Tuesday, March 23, 2010

Army Combatives Program Changes Lesson Plan

Army combatives program changes lesson plan

Nov 20, 2009 [COMMENTS BY John Nottingham in BLUE)
Aritcle Source: http://www.army.mil/-news/2009/11/20/30751-army-combatives-program-changes-lesson-plan/

Story Highlights

  • Curriculum adjustment based on lessons learned from Iraq, Afghanistan
  • Army wants more effective fighters in close quarters
  • Combatives School to mix changes with core principles

Photo credit Cheryl Rodewig

Capt. Keenan Ellison places a rear-naked chokehold on Capt. Chris Zagursky before beating him in one of the early bouts in the heavyweight division of a combatives tournament held on Fort Benning, Ga.
FORT BENNING, Ga. -- The U.S. Army Combatives School has adopted a new teaching plan.  [Correction - OLD Lesson Plan]

The Army is revamping the curriculum to take lessons learned from Iraq and Afghanistan and build more effective close-quarters fighters, said Matt Larsen, the school's director. The goal is to push advanced techniques down to the small-unit level, including basic training.  [Once again, government is slow to react but the Army eventually gets it right.]

"We want Soldiers to be agile, adaptive and competent (so) they can adjust to the realities of the battlefield," Larsen said.

The modifications are based on feedback from across the Army and other factors, he said. More than 900 interviews were conducted with Soldiers who saw hand-to-hand combat in the villages, houses and streets of Iraq or Afghanistan. [NTS Principle 1. Situation/Reality Dictates Response 2.  acquire updated feedback from front line operators as a mastermind group 3. test, test, test then question everything and start over and test again]

Soldiers most often enter small houses and rooms during combat operations, so the Army wants to take the ground-grappling principles taught in combatives and emphasize them from a standing position, Larsen said.
[Reference any of my cautions on video in the 80's and 90's and you will see me making this point again and again.  Training solutions and strategy must be engineered to be A. Mission Specific B. Highly adaptable C. Testable and duplicable... ]

"In the field, the fight is always over weapons and how to maintain control of them," he said. "That will be taught all the way down to basic training."  [Training should be integrative - not compartmentalized so that the operator's training has continuity.]

Knee strikes, clinch drills, fighting with weapons and combat equipment, and pushing terror suspects against the wall are among the upper-echelon combatives techniques Soldiers will now be exposed to at lower unit levels, Larsen said.

Larsen said the school will stick with the four pillars - instruction based on universal, foundational, motivational and tactical attributes - that allowed the program to thrive. But Soldiers often struggled to retain knowledge gained in unit combatives training, so adjustments were needed.  [Notice the missing link that we provide?  Not to seem cocky or say "I told you so" but...Wake up Army - the answers are here.]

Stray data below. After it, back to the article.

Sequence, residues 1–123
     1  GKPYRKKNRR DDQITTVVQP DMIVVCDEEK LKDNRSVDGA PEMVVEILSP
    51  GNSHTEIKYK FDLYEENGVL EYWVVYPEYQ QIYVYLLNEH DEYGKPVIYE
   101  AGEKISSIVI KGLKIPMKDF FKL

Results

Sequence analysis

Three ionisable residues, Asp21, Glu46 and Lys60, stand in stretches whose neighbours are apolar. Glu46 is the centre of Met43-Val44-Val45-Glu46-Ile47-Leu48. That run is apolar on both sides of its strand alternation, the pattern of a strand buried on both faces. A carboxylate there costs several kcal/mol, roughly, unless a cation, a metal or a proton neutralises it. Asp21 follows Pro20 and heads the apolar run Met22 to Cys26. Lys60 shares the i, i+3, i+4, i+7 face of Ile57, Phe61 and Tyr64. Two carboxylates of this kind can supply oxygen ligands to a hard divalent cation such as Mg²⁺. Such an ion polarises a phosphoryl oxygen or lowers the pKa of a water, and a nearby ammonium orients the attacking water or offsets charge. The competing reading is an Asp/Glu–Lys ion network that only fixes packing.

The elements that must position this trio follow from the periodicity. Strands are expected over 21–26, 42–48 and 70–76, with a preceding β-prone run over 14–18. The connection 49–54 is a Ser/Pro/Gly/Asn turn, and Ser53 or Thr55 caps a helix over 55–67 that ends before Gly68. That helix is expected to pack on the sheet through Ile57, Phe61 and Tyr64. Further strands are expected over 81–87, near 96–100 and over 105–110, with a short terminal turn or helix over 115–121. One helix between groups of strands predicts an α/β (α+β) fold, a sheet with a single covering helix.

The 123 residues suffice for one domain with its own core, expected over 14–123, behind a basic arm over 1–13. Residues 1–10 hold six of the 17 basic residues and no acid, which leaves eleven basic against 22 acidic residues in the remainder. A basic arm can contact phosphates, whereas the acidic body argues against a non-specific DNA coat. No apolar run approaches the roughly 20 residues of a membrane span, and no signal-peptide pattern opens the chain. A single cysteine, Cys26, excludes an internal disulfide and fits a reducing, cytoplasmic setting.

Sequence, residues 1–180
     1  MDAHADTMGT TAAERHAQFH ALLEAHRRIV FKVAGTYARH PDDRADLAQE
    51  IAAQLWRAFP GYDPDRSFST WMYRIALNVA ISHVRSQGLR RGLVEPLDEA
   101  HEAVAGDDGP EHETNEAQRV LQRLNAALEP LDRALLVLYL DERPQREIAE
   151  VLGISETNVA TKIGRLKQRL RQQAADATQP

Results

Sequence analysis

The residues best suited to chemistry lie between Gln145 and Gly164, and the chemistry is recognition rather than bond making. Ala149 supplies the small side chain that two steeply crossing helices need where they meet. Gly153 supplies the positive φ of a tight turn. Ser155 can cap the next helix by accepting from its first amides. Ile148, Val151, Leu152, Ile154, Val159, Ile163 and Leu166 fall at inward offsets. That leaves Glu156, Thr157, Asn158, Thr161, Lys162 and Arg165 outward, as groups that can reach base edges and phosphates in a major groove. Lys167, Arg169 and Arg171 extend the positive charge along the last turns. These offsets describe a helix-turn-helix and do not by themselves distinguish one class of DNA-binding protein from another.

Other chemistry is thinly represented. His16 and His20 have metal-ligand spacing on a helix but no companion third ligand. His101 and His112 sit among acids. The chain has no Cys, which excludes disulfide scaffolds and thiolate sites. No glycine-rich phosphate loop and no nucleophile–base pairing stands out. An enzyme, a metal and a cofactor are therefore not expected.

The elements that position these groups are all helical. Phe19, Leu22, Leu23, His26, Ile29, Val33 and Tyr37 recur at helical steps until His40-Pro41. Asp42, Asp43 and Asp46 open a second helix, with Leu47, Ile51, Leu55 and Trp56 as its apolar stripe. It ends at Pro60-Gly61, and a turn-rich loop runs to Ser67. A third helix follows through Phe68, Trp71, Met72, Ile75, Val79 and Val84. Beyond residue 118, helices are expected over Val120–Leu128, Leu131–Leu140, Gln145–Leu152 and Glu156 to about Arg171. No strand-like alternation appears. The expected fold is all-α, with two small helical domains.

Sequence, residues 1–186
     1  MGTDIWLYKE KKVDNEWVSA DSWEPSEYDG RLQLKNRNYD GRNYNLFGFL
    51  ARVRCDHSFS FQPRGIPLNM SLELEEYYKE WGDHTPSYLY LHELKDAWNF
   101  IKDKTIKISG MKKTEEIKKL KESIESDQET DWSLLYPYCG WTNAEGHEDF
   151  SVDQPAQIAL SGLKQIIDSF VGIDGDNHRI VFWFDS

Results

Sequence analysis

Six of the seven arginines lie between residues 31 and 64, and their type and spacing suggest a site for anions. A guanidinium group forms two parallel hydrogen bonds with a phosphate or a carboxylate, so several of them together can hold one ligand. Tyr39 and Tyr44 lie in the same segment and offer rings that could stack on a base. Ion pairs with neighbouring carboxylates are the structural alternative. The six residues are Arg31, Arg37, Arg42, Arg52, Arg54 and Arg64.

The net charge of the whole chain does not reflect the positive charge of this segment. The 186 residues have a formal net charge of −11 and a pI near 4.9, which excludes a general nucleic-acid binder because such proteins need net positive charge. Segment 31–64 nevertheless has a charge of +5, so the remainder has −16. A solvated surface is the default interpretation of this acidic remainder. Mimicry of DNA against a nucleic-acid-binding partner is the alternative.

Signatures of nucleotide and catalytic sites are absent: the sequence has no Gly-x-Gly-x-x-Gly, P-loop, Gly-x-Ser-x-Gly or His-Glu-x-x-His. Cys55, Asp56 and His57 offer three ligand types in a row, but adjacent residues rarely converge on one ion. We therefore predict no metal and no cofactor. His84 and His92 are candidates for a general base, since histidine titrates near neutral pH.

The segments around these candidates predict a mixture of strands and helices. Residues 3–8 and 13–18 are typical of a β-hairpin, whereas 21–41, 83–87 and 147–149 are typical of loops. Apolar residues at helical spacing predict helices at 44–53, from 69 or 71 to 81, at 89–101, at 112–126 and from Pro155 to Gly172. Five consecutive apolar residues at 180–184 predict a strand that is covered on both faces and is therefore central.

Levels 1 and 2 are being changed to the basic and tactical combatives courses, while the basic and tactical combatives instructor courses replace Levels 3 and 4. Under the new construct, the number of training hours at each tier remains the same - 40 in basic, 80 for tactical and 160 each within both instructor phases.

The school will begin implementing the new methods in the next month. [Hooray USA!]

"Combatives is an integral part of what we do as Soldiers," Larsen said. "You can't effectively train in close-quarters combat without combatives. You're going to need it any place you can be hands-on with potential enemies."

He said more than 57,000 troops have graduated from the Army Combatives School since its inception in 2002 - including 50,374 (Level 1), 5,255 (Level 2), 1,408 (Level 3) and 564 (Level 4).

Briant Wells Fieldhouse on Fort Benning, Ga., home of the U.S. Army Combatives School, has extended its hours to 6 to 8 a.m., 11:30 a.m. to 1 p.m. and 5 to 7:30 p.m. Monday through Thursday for Soldiers, civilians and family members who want to do combatives training on their own time.  [AIRBORNE!]
Aritcle Source: http://www.army.mil/-news/2009/11/20/30751-army-combatives-program-changes-lesson-plan/
Footnote: Top tier trainers have been making the case that a grappling/BJJ platform should be in question as the base for military hand to hand - hand to weapon combatives training.  As one of my old Army SF instructors said, "Just because something is popular doesn't make it right Nottingham".  

The Gracie BJJ family did a great thing with the UFC, however, we must be put the training, strategy, techniques and fundamental concepts into context.  I'm glad to see SSG Matt Larson and the Army doing great things.  I salute his efforts and applaud his implementing a modern army combatives program.  Perhaps one day my phone will ring and he will be ready to consider some of our strategies and research methods.  I make this statement with a healthy sense of humility and the full knowledge and confidence of our research, systems and years of hard work.  In the end, we're on the same team and the goal is to defend freedom and save our soldier's lives.  De oppresso liber.
THE NTS CHALLENGE: Our offer stands to take two like candidates, put one through our training and one with anyone else. Then, have an objective third party test the results from a live, full-speed, full-contact scenario.  We'll stake our reputation on the results. 


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